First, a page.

Re: CONFIG_EXT4_USE_FOR_EXT23: rootfs shows as ext2 instead of ext4

From: Theodore Tso
Date: Thu Apr 14 2011 - 08:47:31 EST

On Apr 13, 2011, at 9:34 PM, Mark Lord wrote:

> But far far less obvious is why the kernel reports
> having mounted my ext4 filesystem as "ext2",
> and what exactly it means by that.

Because the kernel reports the type that it successfully matched against when the mount succeeded, and in order for ext4 to take over ext2, it calls register_filesystem() as ext2. Since the kernel (a) tries mounting the root file system as ext2 (it tries blindly until it succeeds), (b) when ext4 is taking care of ext2 mounts, an filesystem with ext4 features can be mounted by the ext4 file system driver, (c) the base VFS layer controls what types is listed, and since it succeeded when it tried mounting as ext2, it reports it as ext2.

In other words, what the kernel reports is not what file system driver is currently servicing your block device, but the name of the fs type first succeeded when the root file system mount did a brute-force search. (BTW, some distributions may use an initrd that uses a more sophisticated userspace fs probing logic that will correctly determine that the file system is really an ext4 file system, and explicitly request an ext4 mount, and then the kernel will report that it was mounted with an ext4 fs type.) The brute-force search nature of the kernel can potentially get you in trouble, since if a block device was originally formatted as a FAT file system, and then later reformatted as some other file system, such as btrfs, ext4, xfs, etc., in theory, depending on the order the kernel tries its brute force search, it could conceivably get things wrong. This is a long-known problem, and we mostly work around it by making the mkfs programs zero out enough data blocks that it's unlikely that a reused block device might get mistaken as something else.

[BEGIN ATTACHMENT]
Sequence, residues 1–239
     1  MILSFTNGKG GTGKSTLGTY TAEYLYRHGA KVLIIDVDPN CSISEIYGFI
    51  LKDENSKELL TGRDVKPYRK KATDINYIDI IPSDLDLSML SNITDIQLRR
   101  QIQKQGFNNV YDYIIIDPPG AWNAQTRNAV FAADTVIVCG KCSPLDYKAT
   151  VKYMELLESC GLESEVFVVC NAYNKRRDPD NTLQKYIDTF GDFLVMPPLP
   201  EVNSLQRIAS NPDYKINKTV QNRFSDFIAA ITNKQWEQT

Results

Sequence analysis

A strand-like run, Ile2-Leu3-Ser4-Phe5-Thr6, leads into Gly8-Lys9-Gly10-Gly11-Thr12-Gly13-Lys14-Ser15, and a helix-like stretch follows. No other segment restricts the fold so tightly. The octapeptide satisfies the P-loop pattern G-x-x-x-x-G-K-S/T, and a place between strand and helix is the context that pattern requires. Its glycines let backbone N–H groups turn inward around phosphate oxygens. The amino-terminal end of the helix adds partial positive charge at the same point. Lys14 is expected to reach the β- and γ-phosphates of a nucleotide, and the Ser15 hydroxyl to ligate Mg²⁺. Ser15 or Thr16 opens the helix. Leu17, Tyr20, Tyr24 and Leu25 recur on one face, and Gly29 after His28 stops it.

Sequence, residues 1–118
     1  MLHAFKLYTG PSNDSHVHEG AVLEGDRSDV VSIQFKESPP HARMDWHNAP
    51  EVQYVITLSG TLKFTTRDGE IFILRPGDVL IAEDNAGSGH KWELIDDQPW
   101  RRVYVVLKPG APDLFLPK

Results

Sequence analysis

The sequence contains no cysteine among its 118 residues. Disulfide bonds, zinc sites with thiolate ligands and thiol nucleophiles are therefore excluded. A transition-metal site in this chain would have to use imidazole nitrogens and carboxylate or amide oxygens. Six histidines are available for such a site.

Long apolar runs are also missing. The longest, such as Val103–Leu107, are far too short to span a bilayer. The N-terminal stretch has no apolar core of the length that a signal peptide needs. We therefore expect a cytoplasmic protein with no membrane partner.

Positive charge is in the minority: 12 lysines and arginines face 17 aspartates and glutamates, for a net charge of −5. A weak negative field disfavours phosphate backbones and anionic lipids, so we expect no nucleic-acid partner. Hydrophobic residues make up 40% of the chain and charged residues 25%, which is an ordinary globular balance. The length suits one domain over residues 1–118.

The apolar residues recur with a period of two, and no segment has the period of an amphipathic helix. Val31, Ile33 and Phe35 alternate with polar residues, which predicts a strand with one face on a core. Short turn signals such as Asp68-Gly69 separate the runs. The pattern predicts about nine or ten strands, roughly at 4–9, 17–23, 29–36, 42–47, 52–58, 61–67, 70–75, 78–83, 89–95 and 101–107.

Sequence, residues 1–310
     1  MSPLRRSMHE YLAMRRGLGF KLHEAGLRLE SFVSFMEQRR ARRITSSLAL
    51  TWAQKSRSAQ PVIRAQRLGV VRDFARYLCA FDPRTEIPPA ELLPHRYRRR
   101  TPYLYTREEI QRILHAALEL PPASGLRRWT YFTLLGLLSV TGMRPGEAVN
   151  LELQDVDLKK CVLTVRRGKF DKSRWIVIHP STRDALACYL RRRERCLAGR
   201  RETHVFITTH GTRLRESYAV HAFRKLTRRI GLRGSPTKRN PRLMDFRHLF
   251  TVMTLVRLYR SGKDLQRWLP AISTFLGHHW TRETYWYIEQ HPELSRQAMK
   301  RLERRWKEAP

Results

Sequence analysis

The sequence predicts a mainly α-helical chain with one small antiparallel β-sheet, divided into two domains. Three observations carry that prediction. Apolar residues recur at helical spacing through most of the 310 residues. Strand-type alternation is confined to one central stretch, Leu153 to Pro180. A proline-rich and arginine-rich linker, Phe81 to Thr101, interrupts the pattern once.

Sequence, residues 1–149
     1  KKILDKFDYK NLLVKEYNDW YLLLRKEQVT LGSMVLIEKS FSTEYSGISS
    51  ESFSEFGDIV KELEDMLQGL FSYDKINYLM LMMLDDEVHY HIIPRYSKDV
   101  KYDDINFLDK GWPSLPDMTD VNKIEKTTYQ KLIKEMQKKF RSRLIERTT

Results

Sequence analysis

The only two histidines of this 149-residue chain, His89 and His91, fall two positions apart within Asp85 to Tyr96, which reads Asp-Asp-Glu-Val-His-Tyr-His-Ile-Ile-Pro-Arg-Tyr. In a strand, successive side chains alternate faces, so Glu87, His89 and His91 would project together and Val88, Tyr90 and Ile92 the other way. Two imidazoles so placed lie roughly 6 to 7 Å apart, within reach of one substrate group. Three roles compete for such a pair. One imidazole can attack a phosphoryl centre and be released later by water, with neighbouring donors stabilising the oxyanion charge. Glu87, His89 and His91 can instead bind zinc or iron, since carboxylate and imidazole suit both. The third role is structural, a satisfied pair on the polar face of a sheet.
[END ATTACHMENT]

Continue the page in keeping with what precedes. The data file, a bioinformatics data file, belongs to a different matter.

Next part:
I repeat; this is a cosmetic issue _only_. I suspect most users won't be looking that closely at what the kernel outputs, but I agree it's something that we should fix. OK?

-- Ted

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